Why is Al Jazeera launching a conservative media network? No one’s quite sure
Media analysts familiar with Al Jazeera are surprised by the recent announcement from the news network funded by the Qatari government
The announcement earlier this week that Al Jazeera — the international news network funded by the Qatari government — is planning to launch a new digital media platform targeted at American conservatives has been met with bafflement by many media observers.
The new platform — called Rightly — begins its rollout on Thursday with a soft-launch of its first program, “Right Now with Stephen Kent.” But that news, which broke on Tuesday, was a surprise not only to media commentators knowledgeable about Al Jazeera, but also to high-level officials inside the network, according to William Youmans, a professor of media and public affairs at The George Washington University who extensively studied Al Jazeera for his 2017 book about the network.
Normally, Youmans said, managers in various departments across the organization engage in bureaucratic wrangling over workflow, editorial control, standards enforcement and other issues ahead of major product launches. With Rightly, that process did not happen.
“When the announcement came out, people were stunned,” he said. “The sort of managers that normally vie for that control didn’t seem to know that it was coming down the line.”
Al Jazeera did not respond to a request for comment.
The surprise announcement has been compounded by a lack of clarity surrounding Al Jazeera’s goals in launching Rightly.
“You’ve got to get to the ultimate question of why do they want [this] audience,” Ken Doctor, a news industry analyst who spent the bulk of his career with Knight Ridder, told JI. “Do you want [an] audience because you see a business opportunity where you can make money?… Or is there a political agenda that you want to serve? Or do you believe a certain kind of news isn’t out there? We don’t know what this mix is.”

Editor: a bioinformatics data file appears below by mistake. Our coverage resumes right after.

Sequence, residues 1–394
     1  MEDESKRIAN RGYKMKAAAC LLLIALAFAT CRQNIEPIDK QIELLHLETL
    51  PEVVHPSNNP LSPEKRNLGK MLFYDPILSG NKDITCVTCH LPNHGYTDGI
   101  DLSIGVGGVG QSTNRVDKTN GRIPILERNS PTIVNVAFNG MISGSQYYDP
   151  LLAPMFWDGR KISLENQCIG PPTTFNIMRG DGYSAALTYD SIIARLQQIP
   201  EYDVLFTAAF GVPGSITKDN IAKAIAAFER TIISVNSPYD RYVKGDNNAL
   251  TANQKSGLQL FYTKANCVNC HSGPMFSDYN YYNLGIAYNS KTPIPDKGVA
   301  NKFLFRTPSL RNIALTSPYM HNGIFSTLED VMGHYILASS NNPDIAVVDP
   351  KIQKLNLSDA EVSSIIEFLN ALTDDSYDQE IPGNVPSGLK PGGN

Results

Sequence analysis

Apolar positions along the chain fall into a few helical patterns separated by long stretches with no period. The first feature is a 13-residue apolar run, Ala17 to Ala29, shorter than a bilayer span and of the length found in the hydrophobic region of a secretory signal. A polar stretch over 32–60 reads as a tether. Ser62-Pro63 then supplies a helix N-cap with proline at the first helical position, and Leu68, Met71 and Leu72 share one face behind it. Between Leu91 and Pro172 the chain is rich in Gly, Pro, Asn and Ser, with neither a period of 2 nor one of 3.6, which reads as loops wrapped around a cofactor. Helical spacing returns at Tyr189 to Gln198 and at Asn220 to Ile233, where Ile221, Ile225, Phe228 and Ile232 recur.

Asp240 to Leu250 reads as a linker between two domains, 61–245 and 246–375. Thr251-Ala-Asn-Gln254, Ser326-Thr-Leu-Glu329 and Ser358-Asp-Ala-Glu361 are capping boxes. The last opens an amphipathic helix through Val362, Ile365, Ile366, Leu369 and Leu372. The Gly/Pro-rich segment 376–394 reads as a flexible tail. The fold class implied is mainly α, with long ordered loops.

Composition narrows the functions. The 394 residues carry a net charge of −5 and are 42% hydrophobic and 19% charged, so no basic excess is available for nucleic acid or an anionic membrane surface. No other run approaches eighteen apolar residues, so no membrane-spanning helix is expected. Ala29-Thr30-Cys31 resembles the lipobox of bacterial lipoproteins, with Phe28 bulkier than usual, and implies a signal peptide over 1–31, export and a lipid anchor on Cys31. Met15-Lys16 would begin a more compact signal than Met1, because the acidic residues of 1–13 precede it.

According to Shibley Telhami, a University of Maryland professor and Brookings Institution fellow who studies Al Jazeera, the venture could be a gambit to steer some in the GOP away from the vehemently pro-Saudi position staked out by former President Donald Trump, particularly if Trump runs and is reelected in 2024.
“They don’t sell a Qatari view directly at all,” he explained. “Their chief thing is to have market share away from anti-Qatari views. They play it softly. By assuring that people are not watching heavily anti-Qatar stations or… [those with a] more pro-Saudi orientation, as was the case with President Trump himself. They’re buffering themselves a little bit without necessarily pitching [a pro-Qatari view].”
In light of that, Telhami explained, he expects Rightly to take a more subtle approach than outlets like RT or Sputnik — two Russian state-run outlets that have catered to American conservatives using heavy-handed and increasingly conspiratorial rhetoric.
Youmans was skeptical that the Qatari government is “that attuned to the U.S. media landscape.” Rightly, he said, could be a more straightforward attempt to counter accusations of political bias, particularly relating to the more left-leaning AJ+ digital video platform, but emphasized that the network’s motives remain highly opaque.
“The secretive nature of it is what seems most likely to raise red flags in terms of the rationale not just being a business thing,” he said. “Creating something new, to me… suggests that it’s not purely a business proposition.”